alix: this is "the european close." coming up, lisa su, amd ceo at 5:00 in new york, 2:00 in san francisco. this is bloomberg. let's give you a check on bloomberg first word news. what's happening outside the world of business. president biden is facing pressure to discuss a surge in gasoline prices. officials will be looking at new
energy data as a guidepost. opec-plus has ignored requests from some of the world's biggest oil consumers, including the u.s., japan, and india to produce applied to compete with demand. china's growth has exceeded analyst estimates for three straight months, with a trade surplus -- official data showed exports data 27% from a year earlier and it rose less than expected. china's economy has slowed sharply. you have sporadic cobit outbreaks dragging on growth. european finance ministers are set to discuss the recovery post-pandemic. on the agenda, energy prices. wall street three main industries locked up records last week. optimism continues to be held back by worries about inflation, considering an uptick in demand and a spike in energy prices and supply chain snarls.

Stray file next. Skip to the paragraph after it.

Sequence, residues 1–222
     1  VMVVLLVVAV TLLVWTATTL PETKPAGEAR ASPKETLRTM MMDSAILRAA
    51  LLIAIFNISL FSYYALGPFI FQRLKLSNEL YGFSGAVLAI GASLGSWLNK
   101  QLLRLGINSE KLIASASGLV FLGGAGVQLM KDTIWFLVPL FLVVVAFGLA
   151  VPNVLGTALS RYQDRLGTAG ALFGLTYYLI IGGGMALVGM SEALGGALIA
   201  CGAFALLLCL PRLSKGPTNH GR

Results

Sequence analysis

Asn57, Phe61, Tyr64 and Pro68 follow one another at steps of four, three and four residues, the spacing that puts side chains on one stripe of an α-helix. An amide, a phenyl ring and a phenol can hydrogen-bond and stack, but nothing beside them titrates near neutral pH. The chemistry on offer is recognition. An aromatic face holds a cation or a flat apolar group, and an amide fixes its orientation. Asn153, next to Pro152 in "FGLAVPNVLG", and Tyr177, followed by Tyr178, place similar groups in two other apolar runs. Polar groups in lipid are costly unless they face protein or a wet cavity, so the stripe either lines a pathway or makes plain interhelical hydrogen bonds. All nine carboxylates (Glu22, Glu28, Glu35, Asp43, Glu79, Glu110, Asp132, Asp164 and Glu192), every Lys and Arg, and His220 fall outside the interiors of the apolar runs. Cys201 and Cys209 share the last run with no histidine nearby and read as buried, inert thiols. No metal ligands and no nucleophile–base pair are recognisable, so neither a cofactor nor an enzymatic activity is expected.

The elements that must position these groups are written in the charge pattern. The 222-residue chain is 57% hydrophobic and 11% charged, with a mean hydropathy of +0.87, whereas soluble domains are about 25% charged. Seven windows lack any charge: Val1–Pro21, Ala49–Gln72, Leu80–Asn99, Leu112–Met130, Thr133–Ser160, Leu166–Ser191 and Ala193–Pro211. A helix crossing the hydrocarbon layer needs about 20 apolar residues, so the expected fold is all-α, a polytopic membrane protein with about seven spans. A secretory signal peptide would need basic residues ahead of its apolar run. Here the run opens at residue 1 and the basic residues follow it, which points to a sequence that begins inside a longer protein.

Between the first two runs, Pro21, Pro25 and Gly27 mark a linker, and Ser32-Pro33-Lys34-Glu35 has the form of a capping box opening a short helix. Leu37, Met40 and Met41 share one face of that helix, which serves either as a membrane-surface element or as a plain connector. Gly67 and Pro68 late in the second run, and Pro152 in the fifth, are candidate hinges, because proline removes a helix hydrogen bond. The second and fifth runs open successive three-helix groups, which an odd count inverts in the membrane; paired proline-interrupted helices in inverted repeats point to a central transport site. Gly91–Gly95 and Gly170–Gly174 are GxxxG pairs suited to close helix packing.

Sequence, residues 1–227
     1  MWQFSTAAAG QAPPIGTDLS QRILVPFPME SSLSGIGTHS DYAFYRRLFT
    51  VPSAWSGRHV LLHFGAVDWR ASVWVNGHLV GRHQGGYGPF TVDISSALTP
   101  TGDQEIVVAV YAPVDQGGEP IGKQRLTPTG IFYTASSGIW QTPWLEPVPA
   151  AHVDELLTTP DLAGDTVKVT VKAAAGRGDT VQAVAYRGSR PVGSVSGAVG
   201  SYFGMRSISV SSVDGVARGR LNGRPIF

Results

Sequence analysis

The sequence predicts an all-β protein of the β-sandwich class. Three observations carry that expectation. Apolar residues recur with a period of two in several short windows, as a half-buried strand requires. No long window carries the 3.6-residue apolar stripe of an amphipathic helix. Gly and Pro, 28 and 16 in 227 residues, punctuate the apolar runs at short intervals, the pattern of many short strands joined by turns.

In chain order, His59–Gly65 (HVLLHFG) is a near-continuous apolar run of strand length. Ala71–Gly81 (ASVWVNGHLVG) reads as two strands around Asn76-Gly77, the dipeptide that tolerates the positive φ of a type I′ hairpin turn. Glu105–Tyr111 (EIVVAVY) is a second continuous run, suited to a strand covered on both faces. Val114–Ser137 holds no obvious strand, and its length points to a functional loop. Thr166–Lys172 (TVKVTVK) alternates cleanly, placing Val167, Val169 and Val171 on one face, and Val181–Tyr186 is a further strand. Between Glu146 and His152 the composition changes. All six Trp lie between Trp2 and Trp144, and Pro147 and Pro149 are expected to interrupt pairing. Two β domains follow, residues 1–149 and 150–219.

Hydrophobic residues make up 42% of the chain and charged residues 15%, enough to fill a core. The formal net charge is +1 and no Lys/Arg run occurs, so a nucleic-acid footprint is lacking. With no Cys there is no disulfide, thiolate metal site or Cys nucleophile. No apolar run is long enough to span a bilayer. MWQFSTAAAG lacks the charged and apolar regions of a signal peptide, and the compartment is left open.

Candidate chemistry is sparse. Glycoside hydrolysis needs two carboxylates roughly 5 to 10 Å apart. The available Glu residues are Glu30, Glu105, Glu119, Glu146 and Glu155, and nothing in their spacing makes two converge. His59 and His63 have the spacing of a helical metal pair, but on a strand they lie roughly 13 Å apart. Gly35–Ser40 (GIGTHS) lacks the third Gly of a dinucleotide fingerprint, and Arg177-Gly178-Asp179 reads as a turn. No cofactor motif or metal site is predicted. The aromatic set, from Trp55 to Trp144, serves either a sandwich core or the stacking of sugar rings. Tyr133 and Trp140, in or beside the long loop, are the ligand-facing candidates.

global news 24 hours a day, on air and on quicktake by bloomberg, powered by more than 2700 journalists and analysts in over 120 countries. -- that is your bloomberg first word news. guy: excellent work. alix steel. alix: cold read. guy: two of those stories merge together. you did fantastic work separating the two. let's talk about what is happening with the story alix read. the penultimate story about the eu today. eu finance ministers gathering, they have been talking about prices of energy, they are talking about spiking inflationary pressures, they will talk about what is happening with covid cases. austria imposing more strict rules in terms of covid passports. then we have the baker story with the eu's desire to return
to pre-pandemic budget rules. at the forefront of the argument on the side of saying we need to return to those strict rules is austrian finance minister gernot blumel. he joins us now to talk about what is happening. so much to talk about, minister. can i start with these budget rules? there does seem to be an expectation europe will be moving towards a different set of rules, a more flexible set of rules. you do not necessarily agree with that. i wonder how much progress you are making in terms of convincing your colleagues that is the way to go, and i am also wondering whether or not you think if we do see the next german finance minister being christian lintner, you feel he will support your position and put germany in your camp? min. blumel: many questions. thanks for having me. a lot to discuss.